[Ip-health] PRESS RELEASE: McGill & University of Calgary join UBC to ADOPT Global Access Licensing

Merith Basey merith at essentialmedicine.org
Thu Nov 1 08:04:45 PDT 2018


FOR IMMEDIATE RELEASE:

Universities Allied for Essential Medicines (UAEM)

November 1, 2018

McGill and the University of Calgary join UBC to Adopt Global Access
Licensing Principles helping to ensure accessibility and affordability of
life-saving medicines developed with taxpayer dollars

Calgary and Montreal, Canada: Lifesaving medicines developed at the
University of Calgary and McGill University will now be made more
accessible and affordable for those who need them. Student-driven
organization Universities Allied for Essential Medicines (UAEM) is proud to
announce that the University of Calgary has recently adopted Global Access
Licensing Principles, and McGill University has also announced an upcoming
adoption. These two universities join the University of British Columbia
(UBC), a pioneer in Canada, which introduced GAL in 2007. Universities
Allied for Essential Medicines (UAEM) is a global grassroots movement of
university students and academics organizing on their campuses to ensure
that publicly-funded medical research meets the needs of people everywhere,
regardless of income.

Global Access Licensing (GAL) specifically refers to a set of licensing
principles and strategies that promote access to medicines and life-saving
health technologies that are developed within university labs and are
publicly-funded. Intellectual property can pose a significant barrier to
affordability of medicines for vulnerable and marginalized populations, due
to exorbitant prices resulting from a lack of competition. In response,
UAEM students formed the GAL framework, which include directives for
providing non-exclusive licensing for technologies to increase access in
low- and middle-income countries. GAL has most often been implemented at
universities across the world directly stemming from student advocacy and
engagement. In May 2008, UBC issued its first licensing deal in accordance
to the GAL in order to disseminate an oral formulation of Amphotericin B to
target the infectious diseases Leishmaniasis.

“This is an incredible display of student advocacy at the local level that
has the potential for tremendous impact on access to medicines globally “
said Merith Basey, Executive Director of UAEM, North America.

Isabel Levine, UAEM McGill chapter President said “Our McGill UAEM chapter
couldn’t be more excited about our university’s commitment to Global Access
Licensing. We look forward to finalizing the wording of the GAL framework
document, and to hold McGill accountable to its principles once it is
published. There is always more to be done, but what a great step in our
fight for access to medicines.”

“It’s very exciting that the University of Calgary has taken this step to
promote global access to medicines, demonstrating commitment to global
citizenship in line with its EyesHigh goals”, said Asha Hollis, MSc/MD
student at the University of Calgary

The adoption of global licensing principles by two leading universities in
Canada comes at a critical moment for Canada as UAEM Advisory Board Member
Rachel Kiddell-Monroe and Student member Louise Kyle testified on October
18th in front of the Standing Committee on Health on Bill M-132. On behalf
of UAEM the team proposed the adoption of GAL principles as the starting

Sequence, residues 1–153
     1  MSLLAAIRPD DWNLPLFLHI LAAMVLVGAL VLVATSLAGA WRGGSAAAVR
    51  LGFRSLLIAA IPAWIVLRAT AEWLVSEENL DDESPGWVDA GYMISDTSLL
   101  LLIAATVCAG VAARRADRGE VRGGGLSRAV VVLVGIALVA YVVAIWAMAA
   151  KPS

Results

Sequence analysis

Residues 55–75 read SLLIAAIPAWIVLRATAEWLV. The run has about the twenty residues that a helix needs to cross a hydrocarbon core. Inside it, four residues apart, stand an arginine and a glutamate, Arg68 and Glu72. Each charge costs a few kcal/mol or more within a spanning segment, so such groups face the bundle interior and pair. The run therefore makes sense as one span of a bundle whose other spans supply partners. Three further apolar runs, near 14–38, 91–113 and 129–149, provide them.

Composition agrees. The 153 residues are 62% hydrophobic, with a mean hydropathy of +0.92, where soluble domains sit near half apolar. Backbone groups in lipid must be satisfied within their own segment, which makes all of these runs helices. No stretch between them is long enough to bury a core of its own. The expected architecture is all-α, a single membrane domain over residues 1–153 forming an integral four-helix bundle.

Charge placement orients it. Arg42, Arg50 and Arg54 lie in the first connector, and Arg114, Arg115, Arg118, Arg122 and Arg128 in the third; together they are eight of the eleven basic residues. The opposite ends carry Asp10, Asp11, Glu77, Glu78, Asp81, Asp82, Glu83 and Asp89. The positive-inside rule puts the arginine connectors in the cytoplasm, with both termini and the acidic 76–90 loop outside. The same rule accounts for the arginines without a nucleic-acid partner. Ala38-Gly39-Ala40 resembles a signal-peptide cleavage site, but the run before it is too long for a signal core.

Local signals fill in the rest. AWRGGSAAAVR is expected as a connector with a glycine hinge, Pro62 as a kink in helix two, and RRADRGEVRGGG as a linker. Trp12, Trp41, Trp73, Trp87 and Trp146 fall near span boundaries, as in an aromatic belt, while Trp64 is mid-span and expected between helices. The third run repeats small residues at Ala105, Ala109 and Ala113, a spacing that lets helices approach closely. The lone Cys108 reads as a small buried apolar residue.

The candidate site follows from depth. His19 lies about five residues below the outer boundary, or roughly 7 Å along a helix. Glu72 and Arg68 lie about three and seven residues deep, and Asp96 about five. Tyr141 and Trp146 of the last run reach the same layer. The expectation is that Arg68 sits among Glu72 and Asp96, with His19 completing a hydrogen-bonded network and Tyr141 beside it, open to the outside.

point to many new medicines for the Canadian Institutes of Health Research
(CIHR). The adoption of GAL would attach a non-exclusive licensing
requirement to any funding from the CIHR, a publicly-funded institution
that invests $1 billion every year in health research. “What we see, is
it's actually a very simple proposition. Basically, it's that medicines
funded by the public should be accessible to the public” said
Kiddell-Monroe. Dr. Jason Nickerson of Doctors without Borders Canada also
served as a key witness calling for increased transparency, and reinforcing
UAEM’s position on publicly-funded research: “ensuring a public return on
public investment should be a guiding principle of publicly funded health
research”.

The commitments made by McGill and the University of Calgary, combined with
the efforts of the current Canadian government to curtail high drug costs,
marks a historic shift in the discourse surrounding affordable healthcare.
Public institutions are working towards implementing effective solutions
that do justice to public funding of medical research. These commitments
signal to the rest of the country--and to other publicly funded
institutions worldwide--that Canada is a shining example of dedication to
its people and their health. Research intensive universities and
institutions that have not committed to adopting GAL can look to the
language introduced by McGill, U of C and UBC to join their ranks in
urgently addressing barriers that lead to preventable deaths from treatable
diseases. Kyle said that “where a private pharmaceutical corporation is
responsible to its shareholders, universities answer to the public”, and
UAEM urges students--and the public--to hold their publicly-funded
institutions accountable.

Universities Allied for Essential Medicines (UAEM)

Contact: Merith Basey, Executive Director UAEM, North America

Email: merith at uaem.org

Telephone: 202 556 7319


Contact: Asha Hollis, Student Lead, UAEM Calgary

Email: ajhollis at ucalgary.ca

Phone: 403 992 8110

UAEM: Universities Allied for Essential Medicines is a global grassroots
movement of university students and academics organizing on their campuses
to ensure that publicly-funded medical research meets the needs of people
everywhere regardless of income. Find out more at http://uaem.org/

-- 

*Merith Basey MSc*
Executive Director, North America
Universities Allied for Essential Medicines <http://uaem.org/>
202-556-7319
@uaem @globalDiaBEATes


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